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Alternatives

Money managers investing on the high seas

Shipping companies, port updates tops on list of attractive opportunities for alternative firms

For alternative investment managers, it's full-steam ahead into maritime investments, for everything from shipping companies to port development.

The moves are being made to take advantage of a shipbuilding industry that is near the bottom of its economic cycle and a switch to private financing from municipal bonds to modify ports for the new, larger ships expected to be delivered in the next 18 months.

Shipping is not your average business. It's akin to the early Wild West days of the real estate industry. Shipping is still mainly controlled by wealthy families that have been in the business for a very long time — some for centuries. The market moves from white-hot to stone cold very quickly. Traditionally, it has been highly leveraged and capital intensive.

But unlike real estate — in which leases are fixed — ship charters are constantly re-set and the revenues generated can be highly erratic, said Marcel C. Saucy, senior partner in Zurich-based Fincor Finance SA, a corporate finance and asset management firm that has been involved with shipping since the 1970s.

Money managers say this is the right moment to “institutionalize” the shipping business. Private equity, real estate and infrastructure managers are rushing into shipping and port investments, committing billions of dollars to the strategy.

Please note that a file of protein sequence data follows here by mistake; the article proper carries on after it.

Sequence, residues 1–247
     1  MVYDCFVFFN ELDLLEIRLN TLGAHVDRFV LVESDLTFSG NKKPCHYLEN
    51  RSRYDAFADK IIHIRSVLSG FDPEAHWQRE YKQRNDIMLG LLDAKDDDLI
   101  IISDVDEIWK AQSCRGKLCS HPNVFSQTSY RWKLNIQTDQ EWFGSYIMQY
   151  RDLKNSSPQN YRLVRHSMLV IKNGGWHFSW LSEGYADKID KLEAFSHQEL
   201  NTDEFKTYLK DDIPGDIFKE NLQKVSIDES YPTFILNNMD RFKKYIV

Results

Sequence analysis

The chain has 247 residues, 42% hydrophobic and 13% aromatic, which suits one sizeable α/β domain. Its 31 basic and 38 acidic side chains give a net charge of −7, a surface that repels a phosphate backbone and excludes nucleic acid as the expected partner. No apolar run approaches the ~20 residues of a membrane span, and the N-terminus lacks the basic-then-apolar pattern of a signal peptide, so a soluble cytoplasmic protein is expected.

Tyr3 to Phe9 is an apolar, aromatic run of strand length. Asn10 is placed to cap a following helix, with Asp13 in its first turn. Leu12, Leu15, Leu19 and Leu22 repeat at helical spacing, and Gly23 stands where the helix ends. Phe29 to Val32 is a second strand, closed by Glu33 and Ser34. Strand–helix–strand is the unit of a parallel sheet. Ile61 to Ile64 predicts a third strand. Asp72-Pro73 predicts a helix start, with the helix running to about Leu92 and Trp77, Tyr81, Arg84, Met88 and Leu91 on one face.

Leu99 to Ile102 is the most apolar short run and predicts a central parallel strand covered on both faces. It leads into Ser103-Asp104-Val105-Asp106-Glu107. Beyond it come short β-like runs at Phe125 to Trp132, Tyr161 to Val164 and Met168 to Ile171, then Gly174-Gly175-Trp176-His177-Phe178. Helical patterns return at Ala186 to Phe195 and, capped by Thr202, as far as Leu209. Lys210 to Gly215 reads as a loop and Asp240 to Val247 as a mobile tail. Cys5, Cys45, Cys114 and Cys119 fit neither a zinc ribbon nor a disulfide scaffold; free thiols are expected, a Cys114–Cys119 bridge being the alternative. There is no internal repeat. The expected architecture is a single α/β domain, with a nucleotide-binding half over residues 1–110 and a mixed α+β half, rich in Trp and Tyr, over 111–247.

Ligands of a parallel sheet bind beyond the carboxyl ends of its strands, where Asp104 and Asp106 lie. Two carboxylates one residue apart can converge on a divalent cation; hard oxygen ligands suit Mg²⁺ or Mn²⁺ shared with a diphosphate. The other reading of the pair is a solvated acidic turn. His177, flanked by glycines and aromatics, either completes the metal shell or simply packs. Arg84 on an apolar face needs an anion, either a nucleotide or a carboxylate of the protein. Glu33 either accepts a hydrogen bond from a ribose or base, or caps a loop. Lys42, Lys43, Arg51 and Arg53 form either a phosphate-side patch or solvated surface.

Andy Dacy, portfolio manager for the maritime strategy at New York-based J.P. Morgan Asset Management (JPM), said: “History has provided two favorable entry avenues into shipping. Many ship owners made their fortunes during ... the recent boom in China growth. Meanwhile, others have entered after an asset price collapse typically driven by over-ordering, such as in the early "80s and today.” J.P. Morgan recently closed a $750 million fund to invest in the strategy.

And the firm is not alone. Managers and institutional investors with recent investments in shipping include Oaktree Capital Group LLC; Invesco (IVZ) Ltd.'s distressed private equity arm; WL Ross & Co. LLC; Carlyle Group LP; Blackstone Group LP; Apollo Global Management; and the C$117.1 billion (US$119.5 billion) Ontario Teachers' Pension Plan. All are investing in ailing ship companies.

Past excesses

Wilbur Ross, CEO of WL Ross, New York, said that when it comes to shipping, timing is paramount. Billions of dollars are going into selective investment opportunities in shipping, investments that “have unique features that make now a sensible time” to invest, he said.

It all goes back to the excesses of the last shipping boom of 2007, when a record-breaking number of new vessels were ordered and charter rates for those ships were high. A combination of over-ordering new vessels, oversupply and a relatively weak world economy has pushed charter rates down 80% to 90% from their highs, Mr. Ross said.

This has led to a massive amount of pain in the shipping industry, exhibited by rampant bankruptcies and loan defaults, Mr. Ross said.

For large ships, for example, charter rates are not enough to offset the direct operating cost of the vessel, Mr. Ross said. Because of those problems, lenders — mostly banks and insurance companies — are exiting the industry.